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Lions obtain district win

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Izelhia Enard carries past the block of Lion offensive lineman Caleb Gann to pick up yardage. (Photo by Jo’Hannah Proctor)Izelhia Enard carries past the block of Lion offensive lineman Caleb Gann to pick up yardage. (Photo by Jo’Hannah Proctor)

By Albert Trevino

The Livingston Lions came from behind Saturday for a 35-14 victory at home against the Lumberton Raiders in the first district match of the season.

In a game delayed because of weather, the Lions bounced back early to score four unanswered touchdowns and controlled most of the game. Livingston’s offense and defense stepped up when needed, according to Lion head coach Finis Vanover.

“Both sides bailed each other out. Offensive mistakes were covered up by great plays on defense. When defense had a lag or we slacked off, the offense came back and took it down to score. We balanced each other out today.” said Vanover. “Right now, we do not have a great knockout punch. We just keep leaving them hanging. That is all we talked about at halftime … We have to knock them out so we can finish it.”

Livingston’s offense put together a long scoring drive to open the game, which included junior quarterback Damian Ruiz sneaking a fourth-down conversion to keep the possession alive.

Shortly after, Ruiz completed a 14-yard touchdown pass to freshman Ja’Marri Green. Along with the extra kick, the score gave the Lions an early seven-point lead.

Going into the second quarter, Lumberton responded with a touchdown drive to tie the game. A sneak on third down by Raider senior quarterback Drake Boykin set up an eight-yard touchdown run by sophomore Brady Fuselier.

The Raiders recovered the following onside kick and were able to capitalize on another scoring opportunity.

Boykin completed a deep pass to sophomore receiver Kaleb Koch, which helped set up a five-yard run to the end zone by Boykin. The short run gave Lumberton a 14-7 lead early in the second.

The Lion offense answered back from inside the red zone, with Ruiz scrambling his way for a touchdown to tie the game at 14-14.

Lumberton was quickly forced to punt on its next possession. The high and short punt gave the Lions good field position at the Raiders’ 43-yard line. 

This time, Ruiz scrambled and stiff armed defenders to nearly reach the end zone. Two plays later, Lion junior running back Lynn Johnson punched it in from a yard out for a touchdown to take a 21-14 lead.

“We threw it and caught the ball really well off of some great scrambles by the quarterback. [Ruiz] made a bunch of plays with his feet. That is a blessing and gift that he has. We have an offense that takes advantage of that and is built around that.” Vanover said.

Livingston extended the lead on their next possession late in the half. The short drive finished with Ruiz dropping a long-distance pass to Lion senior receiver Chris Washington in the end zone to go up 28-14 at halftime.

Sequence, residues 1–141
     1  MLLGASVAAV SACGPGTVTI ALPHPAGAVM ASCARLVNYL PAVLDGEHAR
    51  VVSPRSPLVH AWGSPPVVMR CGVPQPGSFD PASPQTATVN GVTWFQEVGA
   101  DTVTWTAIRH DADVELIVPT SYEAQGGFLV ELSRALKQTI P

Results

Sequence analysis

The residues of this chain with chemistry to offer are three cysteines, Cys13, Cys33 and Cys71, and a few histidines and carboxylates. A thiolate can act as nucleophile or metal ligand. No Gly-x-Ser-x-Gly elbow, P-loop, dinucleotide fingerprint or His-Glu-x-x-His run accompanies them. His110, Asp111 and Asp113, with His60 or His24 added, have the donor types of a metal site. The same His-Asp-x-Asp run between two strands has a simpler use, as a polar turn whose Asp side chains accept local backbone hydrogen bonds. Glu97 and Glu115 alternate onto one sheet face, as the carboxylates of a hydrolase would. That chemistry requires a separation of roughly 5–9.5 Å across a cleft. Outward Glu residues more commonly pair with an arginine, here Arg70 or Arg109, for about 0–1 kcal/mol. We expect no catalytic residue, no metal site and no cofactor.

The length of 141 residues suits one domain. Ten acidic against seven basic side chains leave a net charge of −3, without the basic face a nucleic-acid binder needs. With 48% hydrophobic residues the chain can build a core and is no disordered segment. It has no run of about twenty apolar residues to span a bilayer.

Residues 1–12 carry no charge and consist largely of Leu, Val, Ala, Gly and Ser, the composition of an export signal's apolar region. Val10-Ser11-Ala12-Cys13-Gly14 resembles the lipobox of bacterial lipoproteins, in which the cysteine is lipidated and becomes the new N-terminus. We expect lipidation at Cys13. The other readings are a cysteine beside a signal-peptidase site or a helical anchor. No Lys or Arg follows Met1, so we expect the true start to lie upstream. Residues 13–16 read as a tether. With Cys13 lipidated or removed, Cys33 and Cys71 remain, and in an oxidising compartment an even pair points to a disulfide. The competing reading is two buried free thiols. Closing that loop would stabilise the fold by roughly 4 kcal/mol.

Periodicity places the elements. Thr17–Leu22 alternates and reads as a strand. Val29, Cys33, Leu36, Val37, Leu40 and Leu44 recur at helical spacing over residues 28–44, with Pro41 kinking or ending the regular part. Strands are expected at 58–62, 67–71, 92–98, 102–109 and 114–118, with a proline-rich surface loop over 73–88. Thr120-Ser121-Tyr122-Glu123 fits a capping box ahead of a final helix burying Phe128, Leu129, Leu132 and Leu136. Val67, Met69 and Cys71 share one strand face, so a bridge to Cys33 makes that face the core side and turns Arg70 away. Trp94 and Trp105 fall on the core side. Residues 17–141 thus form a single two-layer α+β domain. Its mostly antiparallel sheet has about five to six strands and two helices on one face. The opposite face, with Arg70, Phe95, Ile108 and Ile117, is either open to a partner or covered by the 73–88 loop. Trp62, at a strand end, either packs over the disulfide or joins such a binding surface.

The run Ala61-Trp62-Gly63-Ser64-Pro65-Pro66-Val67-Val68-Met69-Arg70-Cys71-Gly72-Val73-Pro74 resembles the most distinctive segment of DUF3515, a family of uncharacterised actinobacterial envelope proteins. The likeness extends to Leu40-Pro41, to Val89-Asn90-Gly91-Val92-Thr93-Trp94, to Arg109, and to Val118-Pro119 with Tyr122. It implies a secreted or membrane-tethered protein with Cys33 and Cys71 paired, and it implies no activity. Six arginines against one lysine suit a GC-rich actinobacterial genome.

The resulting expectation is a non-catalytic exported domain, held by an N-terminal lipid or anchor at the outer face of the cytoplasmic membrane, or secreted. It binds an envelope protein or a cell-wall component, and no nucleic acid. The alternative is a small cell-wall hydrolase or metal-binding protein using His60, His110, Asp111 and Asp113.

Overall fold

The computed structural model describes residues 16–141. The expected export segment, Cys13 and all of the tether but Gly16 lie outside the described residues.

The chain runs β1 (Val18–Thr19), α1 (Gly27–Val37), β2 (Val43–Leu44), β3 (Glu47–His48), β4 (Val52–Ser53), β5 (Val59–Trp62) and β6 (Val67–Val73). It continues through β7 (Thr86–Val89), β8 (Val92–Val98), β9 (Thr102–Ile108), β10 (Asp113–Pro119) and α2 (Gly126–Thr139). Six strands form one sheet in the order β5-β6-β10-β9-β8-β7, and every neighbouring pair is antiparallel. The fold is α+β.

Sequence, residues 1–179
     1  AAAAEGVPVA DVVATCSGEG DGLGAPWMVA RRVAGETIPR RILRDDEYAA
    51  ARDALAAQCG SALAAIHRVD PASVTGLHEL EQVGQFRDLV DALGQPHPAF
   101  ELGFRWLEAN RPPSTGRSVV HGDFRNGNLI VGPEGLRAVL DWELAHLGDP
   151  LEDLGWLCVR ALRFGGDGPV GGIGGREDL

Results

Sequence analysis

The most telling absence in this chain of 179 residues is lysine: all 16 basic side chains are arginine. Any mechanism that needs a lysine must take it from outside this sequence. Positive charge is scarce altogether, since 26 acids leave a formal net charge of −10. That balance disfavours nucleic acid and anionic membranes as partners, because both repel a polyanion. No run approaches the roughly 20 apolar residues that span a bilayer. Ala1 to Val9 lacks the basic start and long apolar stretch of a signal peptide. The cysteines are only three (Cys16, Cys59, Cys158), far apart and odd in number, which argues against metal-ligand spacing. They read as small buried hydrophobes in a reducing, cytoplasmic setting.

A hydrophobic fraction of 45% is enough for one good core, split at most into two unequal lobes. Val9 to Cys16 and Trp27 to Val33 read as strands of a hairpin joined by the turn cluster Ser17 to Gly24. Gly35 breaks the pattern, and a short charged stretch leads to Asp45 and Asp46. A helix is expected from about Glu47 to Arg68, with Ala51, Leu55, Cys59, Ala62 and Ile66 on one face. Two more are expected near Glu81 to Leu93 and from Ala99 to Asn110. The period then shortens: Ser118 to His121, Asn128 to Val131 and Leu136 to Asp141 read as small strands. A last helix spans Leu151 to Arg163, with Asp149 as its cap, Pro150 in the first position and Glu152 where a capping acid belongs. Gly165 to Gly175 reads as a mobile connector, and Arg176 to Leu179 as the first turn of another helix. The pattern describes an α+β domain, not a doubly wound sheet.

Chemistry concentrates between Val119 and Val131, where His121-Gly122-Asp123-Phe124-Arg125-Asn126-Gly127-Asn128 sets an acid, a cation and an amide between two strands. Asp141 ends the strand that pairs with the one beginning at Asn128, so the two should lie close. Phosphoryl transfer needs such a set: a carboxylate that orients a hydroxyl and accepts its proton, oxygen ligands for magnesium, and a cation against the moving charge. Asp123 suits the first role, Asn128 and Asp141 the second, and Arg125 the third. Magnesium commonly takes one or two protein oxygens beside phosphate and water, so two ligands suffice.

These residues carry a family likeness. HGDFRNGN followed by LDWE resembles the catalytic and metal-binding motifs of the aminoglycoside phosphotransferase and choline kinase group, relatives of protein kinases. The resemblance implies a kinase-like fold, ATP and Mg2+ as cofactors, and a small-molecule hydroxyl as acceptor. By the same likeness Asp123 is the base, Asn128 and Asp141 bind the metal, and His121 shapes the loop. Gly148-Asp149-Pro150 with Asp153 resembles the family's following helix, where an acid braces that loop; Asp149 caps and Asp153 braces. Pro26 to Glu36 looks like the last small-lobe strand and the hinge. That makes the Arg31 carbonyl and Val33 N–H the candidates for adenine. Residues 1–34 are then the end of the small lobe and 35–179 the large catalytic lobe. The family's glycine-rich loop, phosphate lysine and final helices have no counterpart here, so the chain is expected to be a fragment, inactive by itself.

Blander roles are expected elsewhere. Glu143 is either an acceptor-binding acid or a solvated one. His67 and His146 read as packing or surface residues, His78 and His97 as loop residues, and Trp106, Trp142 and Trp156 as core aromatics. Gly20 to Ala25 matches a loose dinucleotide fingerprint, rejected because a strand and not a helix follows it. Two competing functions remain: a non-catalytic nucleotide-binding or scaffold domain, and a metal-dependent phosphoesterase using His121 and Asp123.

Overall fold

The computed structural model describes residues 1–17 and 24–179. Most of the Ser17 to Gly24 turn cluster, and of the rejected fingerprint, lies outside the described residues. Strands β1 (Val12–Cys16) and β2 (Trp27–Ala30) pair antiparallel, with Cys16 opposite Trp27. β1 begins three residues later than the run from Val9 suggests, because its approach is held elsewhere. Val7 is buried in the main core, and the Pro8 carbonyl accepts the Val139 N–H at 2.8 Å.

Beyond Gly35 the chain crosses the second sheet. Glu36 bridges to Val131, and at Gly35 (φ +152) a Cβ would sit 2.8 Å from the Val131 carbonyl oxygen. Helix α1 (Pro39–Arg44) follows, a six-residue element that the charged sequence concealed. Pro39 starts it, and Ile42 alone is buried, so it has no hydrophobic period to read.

Both offenses were scoreless and suffered turnovers during the third quarter, but the Lions would put together one more fruitful drive in the fourth, despite starting from its own goal line. First-down runs by Ruiz and Johnson were followed by a 58-yard touchdown pass to Lion junior receiver Willie Fagan.

The Lion defense shut out the Raiders for the entire second half, making crucial third and fourth-down stops.

“The defensive linemen made some great plays upfront when they had to. We found a soft spot when [Lumberton] was running the quarterback lead. We were starting to run out of gas and they got their motors running. But overall, we clamped down pretty well.” said Vanover.

 

The Lions are scheduled to travel this week to play the Splendora Wildcats, with kickoff set for 7 p.m. Friday.

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Bulldog football underway

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The Bulldogs began practice this week and new head coach Brett Ratliff said he is impressed with his squad’s effort. (Photo by Brian Besch)The Bulldogs began practice this week and new head coach Brett Ratliff said he is impressed with his squad’s effort. (Photo by Brian Besch)

By Brian Besch
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Polk County-Once in earshot of the Corrigan-Camden practice fields, you can hear both music and the sounds of football. Athletes are upbeat during the heated workouts, paced by the sound system on the sidelines and coaching whistles on the field.

Football season has begun on the north end of Polk County.

"I'm really excited about the kids and the way they have been able to match my intensity and what I am wanting," new Bulldog head coach Brett Ratliff said. "Structurally, I think it is probably pretty different from what they are used to from a practice standpoint. In the first day, you can kind of tell that. After that day, they really  haven't missed a beat."

Ratliff describes his practices as "very rhythmic," explaining that he likes to have players run everywhere they go. The fast pace is expected to serve his team well on Friday nights in the future.

Corrigan fans are likely to see many more receivers on offense than they have in previous years. The 'Dogs could be seen running many three and four wide receiver sets during 11-on-11 drills Thursday afternoon.

"We are heavy 21 (personnel), where we are going to run a tight end and two backs. That is my bread-and-butter, whether it be in the gun, or a flexed out tight end, or pro I. We're going to do both and be good at both, and we are going to make our money on that. I'm not scared to go to by 2x2 (two receivers to either side) or 3x1 (three receivers to one side, one on the other) and spread the field out."